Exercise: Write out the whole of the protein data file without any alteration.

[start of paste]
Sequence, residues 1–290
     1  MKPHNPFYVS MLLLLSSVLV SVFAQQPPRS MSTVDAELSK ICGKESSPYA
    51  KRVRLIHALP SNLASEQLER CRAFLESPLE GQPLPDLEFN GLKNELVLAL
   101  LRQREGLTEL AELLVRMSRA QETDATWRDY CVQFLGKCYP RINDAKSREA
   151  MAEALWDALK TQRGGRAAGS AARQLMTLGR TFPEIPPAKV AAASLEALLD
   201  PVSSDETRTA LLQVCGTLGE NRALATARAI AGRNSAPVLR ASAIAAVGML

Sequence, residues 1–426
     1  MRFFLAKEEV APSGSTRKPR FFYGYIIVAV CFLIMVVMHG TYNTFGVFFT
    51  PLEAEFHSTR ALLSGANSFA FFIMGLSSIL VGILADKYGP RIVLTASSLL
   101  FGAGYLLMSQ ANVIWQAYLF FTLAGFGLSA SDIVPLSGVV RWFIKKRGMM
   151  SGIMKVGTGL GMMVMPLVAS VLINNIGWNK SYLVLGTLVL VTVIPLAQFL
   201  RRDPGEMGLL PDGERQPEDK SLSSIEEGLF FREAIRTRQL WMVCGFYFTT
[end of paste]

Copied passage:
Sequence, residues 1–290
     1  MKPHNPFYVS MLLLLSSVLV SVFAQQPPRS MSTVDAELSK ICGKESSPYA
    51  KRVRLIHALP SNLASEQLER CRAFLESPLE GQPLPDLEFN GLKNELVLAL
   101  LRQREGLTEL AELLVRMSRA QETDATWRDY CVQFLGKCYP RINDAKSREA
   151  MAEALWDALK TQRGGRAAGS AARQLMTLGR TFPEIPPAKV AAASLEALLD
   201  PVSSDETRTA LLQVCGTLGE NRALATARAI AGRNSAPVLR ASAIAAVGML

Sequence, residues 1–426
     1  MRFFLAKEEV APSGSTRKPR FFYGYIIVAV CFLIMVVMHG TYNTFGVFFT
    51  PLEAEFHSTR ALLSGANSFA FFIMGLSSIL VGILADKYGP RIVLTASSLL
   101  FGAGYLLMSQ ANVIWQAYLF FTLAGFGLSA SDIVPLSGVV RWFIKKRGMM
   151  SGIMKVGTGL GMMVMPLVAS VLINNIGWNK SYLVLGTLVL VTVIPLAQFL
   201  RRDPGEMGLL PDGERQPEDK SLSSIEEGLF FREAIRTRQL WMVCGFYFTT